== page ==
So, yeah, I’m trying to steer away from all that. Just concentrate on me and my little family, my little circle of friends, you know, and just see what I can do. So, first of all, I’ve changed the way that we shop, we normally we used to do a monthly shop. We’re doing… we basically shop daily. And I must admit it’s cutting down on waste, because that’s one thing I used to hate, you know, when we did a big shop and by the end of the month we throw stuff away that had either gone off or was out of date, and it would really go against me grain you know. So, I found that waste wastage has been cut down dramatically, which is good. That that’s a good thing that’s a positive thing.

We’re buying cheaper food, which to me isn’t a good thing. You know I’ve never, ever eaten extravagantly, you know? But, um, we just buy in cheap. We buy in… A supermarket own brand, which a lot of times, you know, there’s nothing wrong with them. But, you know, we’re looking out for own brands, buying stuff that’s reduced. So, we’re looking for anything with a yellow sticker on it. Freeze a lot more stuff. You know, if it’s nearly gone out of date, I’ll get it and I’ll freeze it, not use my oven, because I’ve been told that that uses a lot of energy. So, it’s hob… It’s all hob stuff or all microwave stuff. Um, things like fresh fish and decent meat, you know, I’ve not bought that for a long, long time. I haven’t got a chance of, of, you know, us eating something like that. Um, I suppose a lot of the time I’m making stews and corned beef hashes and stuff like that. So, you know, we’re eating well, but it’s all on a budget and it never used to be… the budget was never that tight, if that makes any sense.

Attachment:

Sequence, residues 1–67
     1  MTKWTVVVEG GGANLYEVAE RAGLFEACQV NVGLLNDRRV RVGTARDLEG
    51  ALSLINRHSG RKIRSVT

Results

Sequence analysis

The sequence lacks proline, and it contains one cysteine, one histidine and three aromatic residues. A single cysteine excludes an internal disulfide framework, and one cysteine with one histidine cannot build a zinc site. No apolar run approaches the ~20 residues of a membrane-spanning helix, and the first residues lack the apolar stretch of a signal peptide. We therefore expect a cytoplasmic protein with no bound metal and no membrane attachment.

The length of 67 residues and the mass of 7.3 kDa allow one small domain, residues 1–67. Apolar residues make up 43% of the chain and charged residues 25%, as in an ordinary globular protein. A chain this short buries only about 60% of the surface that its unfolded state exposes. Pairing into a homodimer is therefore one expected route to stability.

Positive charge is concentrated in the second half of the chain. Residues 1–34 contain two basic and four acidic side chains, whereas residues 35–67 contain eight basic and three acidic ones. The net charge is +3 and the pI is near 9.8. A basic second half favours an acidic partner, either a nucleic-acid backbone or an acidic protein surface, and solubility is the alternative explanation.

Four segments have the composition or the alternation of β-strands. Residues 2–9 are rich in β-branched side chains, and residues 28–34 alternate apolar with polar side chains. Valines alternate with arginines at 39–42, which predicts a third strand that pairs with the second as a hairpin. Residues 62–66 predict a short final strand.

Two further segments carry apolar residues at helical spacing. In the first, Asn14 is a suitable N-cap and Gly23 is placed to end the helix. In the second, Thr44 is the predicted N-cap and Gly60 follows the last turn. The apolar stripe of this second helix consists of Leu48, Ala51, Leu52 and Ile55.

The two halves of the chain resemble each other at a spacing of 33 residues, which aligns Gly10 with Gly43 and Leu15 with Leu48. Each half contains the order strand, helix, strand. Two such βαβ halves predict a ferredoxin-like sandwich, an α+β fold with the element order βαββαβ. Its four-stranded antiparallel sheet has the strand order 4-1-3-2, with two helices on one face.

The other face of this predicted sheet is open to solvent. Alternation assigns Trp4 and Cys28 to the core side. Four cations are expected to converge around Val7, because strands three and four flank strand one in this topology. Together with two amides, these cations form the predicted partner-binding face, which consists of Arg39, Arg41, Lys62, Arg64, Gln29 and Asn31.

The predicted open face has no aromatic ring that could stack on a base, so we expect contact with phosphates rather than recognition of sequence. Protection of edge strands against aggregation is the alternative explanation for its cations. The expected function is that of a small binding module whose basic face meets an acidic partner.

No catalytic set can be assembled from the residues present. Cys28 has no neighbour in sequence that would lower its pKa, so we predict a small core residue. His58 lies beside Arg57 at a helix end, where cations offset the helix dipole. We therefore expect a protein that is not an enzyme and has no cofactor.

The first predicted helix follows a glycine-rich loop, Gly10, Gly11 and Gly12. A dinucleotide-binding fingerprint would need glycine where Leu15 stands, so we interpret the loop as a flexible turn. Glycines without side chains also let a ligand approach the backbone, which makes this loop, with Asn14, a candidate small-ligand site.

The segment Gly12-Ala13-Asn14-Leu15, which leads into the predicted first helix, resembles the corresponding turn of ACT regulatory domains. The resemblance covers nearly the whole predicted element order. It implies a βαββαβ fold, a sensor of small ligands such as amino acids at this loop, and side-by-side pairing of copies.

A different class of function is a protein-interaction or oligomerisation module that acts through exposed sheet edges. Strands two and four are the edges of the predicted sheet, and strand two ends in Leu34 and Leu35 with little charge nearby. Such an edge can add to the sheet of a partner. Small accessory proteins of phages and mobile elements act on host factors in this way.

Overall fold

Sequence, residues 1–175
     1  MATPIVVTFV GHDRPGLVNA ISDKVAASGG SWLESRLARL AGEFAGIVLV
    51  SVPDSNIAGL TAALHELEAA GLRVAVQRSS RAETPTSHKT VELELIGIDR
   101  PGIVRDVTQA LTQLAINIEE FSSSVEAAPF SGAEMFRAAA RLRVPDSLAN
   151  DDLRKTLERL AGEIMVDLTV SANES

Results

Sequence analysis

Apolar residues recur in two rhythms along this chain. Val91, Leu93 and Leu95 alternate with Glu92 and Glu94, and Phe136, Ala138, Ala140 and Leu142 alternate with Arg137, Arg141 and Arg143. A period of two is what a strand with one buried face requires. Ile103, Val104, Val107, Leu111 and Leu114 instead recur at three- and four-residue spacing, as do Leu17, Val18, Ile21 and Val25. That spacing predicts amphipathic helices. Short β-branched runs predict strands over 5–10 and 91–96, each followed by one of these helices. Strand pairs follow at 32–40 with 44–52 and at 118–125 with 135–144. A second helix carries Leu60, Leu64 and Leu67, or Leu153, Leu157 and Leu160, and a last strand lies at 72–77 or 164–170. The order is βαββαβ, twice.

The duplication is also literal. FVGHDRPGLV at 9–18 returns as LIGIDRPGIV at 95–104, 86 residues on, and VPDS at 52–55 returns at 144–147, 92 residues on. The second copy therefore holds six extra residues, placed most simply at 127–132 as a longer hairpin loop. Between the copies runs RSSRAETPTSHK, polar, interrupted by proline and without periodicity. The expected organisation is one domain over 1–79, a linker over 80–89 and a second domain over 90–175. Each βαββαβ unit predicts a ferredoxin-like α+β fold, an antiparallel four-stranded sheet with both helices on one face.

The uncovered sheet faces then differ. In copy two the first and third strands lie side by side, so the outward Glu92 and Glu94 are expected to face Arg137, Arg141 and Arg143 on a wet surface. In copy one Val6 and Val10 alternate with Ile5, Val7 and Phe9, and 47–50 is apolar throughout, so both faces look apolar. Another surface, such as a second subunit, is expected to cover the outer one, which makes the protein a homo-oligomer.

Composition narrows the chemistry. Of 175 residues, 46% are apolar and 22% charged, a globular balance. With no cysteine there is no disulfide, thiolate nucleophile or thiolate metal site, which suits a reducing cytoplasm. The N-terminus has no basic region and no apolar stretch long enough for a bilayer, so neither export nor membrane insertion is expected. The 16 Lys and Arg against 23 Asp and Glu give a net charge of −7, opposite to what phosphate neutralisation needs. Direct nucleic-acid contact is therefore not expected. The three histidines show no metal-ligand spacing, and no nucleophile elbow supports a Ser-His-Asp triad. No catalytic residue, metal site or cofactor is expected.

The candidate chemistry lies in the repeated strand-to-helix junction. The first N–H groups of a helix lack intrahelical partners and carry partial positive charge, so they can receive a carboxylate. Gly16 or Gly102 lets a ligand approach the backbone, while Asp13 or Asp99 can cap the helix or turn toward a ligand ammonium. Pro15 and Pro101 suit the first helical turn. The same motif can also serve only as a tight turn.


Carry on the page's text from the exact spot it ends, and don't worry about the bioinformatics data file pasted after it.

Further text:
We don’t have takeout… so I mean we maybe we used to have one every month or maybe even two a month, but that’s all gone, you know? So that’s a treat that’s gone. There’s no treats in the cupboards. I’ve never seen the cupboards looking so bare and it’s not we’re not starving by a long way. But, you know, there’s no there’s no treats in there. You know, when you’re just a bit hungry watching a movie, something like that at home, and well, you know, there’s a bit of chocolate in the cupboard or nice crisps or anything like that. They’ve all gone. We’ve just, you know, abandoned all that. So, so yeah, that’s changed a lot.